For the first time in WAY TOO long, my department gets to conduct a search. I was very psyched about it at first. After all what better indication of my accomplishments as chair than attaining this 'plum' for the department. My joy, unfortunately, quickly faded. Just as I was getting ready to ask one of my senior colleagues to run the search, the Dean informed me that I should be the chair of the committee. *Sigh*
So, like any good academic, I started my preparations for this new task by doing research about what makes a good search and what pitfalls I should avoid. I talked to the Dean, talked to the last person in our department who chaired a search, talked to the Human Resources staff, and talked to the department secretary. That got me through writing and posting the ad. Now, however, I face a big list of deadlines that have to be set, schedules that have to be worked around, and a host of other details to take care of. Luckily, the Chronicle has a few articles that might help.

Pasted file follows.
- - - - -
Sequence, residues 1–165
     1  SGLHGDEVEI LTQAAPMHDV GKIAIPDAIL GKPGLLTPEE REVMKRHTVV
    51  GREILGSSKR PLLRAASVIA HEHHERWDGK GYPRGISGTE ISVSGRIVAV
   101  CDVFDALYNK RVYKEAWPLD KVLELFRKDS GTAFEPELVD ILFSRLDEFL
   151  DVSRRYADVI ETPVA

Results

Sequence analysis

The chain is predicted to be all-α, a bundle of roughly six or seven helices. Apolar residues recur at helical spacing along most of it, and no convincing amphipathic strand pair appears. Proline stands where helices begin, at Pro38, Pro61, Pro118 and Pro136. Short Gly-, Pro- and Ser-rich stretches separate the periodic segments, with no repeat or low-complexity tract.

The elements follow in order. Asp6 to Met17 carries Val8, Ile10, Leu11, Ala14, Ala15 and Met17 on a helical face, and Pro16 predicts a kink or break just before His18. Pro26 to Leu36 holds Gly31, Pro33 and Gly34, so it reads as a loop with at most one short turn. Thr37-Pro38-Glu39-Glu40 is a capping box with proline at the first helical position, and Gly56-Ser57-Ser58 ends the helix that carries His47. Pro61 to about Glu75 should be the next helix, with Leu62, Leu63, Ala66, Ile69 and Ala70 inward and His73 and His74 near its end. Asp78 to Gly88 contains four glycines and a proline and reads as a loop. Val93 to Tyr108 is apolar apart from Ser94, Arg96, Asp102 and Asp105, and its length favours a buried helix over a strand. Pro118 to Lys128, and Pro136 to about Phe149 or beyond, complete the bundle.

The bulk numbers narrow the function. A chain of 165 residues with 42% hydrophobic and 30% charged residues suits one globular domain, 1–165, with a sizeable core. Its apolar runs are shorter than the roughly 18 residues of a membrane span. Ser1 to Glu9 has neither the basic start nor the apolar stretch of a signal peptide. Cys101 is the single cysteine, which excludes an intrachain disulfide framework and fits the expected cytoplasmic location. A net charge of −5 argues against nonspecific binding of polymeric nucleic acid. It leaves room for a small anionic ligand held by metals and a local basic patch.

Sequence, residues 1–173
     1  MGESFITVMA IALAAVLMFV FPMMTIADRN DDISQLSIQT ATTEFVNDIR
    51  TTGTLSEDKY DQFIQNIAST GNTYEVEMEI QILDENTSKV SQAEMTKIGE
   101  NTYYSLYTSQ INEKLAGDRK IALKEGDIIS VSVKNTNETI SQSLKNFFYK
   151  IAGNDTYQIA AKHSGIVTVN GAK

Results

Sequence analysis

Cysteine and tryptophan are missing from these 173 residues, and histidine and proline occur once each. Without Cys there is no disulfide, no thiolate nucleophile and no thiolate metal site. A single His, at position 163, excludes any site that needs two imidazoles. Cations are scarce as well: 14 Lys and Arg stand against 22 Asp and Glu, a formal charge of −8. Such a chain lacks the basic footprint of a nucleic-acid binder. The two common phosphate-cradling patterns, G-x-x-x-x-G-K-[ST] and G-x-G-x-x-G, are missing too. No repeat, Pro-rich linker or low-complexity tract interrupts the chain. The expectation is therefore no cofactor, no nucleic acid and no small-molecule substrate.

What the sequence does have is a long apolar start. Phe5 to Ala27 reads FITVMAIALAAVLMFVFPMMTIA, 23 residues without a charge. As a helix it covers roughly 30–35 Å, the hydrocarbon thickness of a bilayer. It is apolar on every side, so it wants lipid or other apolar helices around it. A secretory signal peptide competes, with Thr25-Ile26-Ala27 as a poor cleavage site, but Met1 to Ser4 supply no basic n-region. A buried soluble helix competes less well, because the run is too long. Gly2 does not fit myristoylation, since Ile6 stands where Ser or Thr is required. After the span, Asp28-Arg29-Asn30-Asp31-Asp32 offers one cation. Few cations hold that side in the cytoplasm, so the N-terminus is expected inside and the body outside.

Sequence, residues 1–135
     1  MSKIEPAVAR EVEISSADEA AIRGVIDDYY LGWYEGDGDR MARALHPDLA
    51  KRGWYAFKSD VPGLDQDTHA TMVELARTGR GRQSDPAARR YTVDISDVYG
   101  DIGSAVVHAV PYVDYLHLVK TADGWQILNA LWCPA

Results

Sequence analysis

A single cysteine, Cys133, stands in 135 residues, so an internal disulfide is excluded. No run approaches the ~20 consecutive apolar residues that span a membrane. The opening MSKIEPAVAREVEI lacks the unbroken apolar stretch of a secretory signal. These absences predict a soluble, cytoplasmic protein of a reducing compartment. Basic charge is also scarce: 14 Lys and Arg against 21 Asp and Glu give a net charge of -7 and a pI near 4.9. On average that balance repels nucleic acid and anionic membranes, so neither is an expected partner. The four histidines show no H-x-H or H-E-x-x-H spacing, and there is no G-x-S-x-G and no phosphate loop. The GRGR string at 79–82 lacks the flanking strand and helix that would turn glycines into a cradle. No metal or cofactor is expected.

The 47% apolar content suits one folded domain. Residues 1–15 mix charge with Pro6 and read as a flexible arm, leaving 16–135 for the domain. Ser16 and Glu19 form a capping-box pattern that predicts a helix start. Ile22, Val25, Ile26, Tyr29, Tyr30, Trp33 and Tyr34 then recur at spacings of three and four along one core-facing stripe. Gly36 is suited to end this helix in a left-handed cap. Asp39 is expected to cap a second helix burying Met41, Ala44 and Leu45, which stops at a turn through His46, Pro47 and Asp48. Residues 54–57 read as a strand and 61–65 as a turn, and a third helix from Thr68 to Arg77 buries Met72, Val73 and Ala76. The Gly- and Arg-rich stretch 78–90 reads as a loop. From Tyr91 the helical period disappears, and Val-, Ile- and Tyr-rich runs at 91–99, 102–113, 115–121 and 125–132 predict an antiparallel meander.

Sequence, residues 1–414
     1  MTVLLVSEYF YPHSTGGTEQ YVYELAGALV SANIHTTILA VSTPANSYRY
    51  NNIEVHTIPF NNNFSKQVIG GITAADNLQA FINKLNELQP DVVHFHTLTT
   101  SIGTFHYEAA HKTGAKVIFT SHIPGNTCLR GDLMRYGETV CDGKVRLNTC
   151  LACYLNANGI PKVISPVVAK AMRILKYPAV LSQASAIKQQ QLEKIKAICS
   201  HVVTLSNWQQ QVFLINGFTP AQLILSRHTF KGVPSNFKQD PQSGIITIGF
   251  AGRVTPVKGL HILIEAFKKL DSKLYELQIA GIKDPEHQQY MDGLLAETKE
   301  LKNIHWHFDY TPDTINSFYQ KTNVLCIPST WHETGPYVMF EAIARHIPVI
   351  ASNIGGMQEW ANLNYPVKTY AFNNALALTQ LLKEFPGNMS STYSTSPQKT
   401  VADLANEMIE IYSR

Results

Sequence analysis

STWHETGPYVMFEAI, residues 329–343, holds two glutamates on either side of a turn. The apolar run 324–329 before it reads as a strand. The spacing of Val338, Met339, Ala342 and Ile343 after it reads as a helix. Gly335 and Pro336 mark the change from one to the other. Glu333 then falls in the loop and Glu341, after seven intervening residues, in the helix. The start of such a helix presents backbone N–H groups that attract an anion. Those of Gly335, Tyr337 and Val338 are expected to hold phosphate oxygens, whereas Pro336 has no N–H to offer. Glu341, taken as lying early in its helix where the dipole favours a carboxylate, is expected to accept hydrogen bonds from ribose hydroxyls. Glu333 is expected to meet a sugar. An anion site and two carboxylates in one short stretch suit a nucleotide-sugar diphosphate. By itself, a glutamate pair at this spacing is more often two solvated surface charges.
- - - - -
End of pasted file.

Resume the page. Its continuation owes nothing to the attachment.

1. Attention Search Committees
2. The Slip Ups of Search Committees
3. How to Conduct a Successful Search
4. How to Conduct a Successful Search II
All this information has at least given some things to think about, including two things I never considered before. 1. Having some sort of committee-wide 'grading rubric' for candidates (3 points if you are from a top 20 institution, 2 if you are from a top 50, 1 if you are in the top 100). I'm not sure about this, but I'm at least going to look into it more. And 2. Wiki Jobs for History. Very cool for candidates and not so bad for me. I can at least see where in the process other institutions are and how our position/search stacks up against others being conducted this year.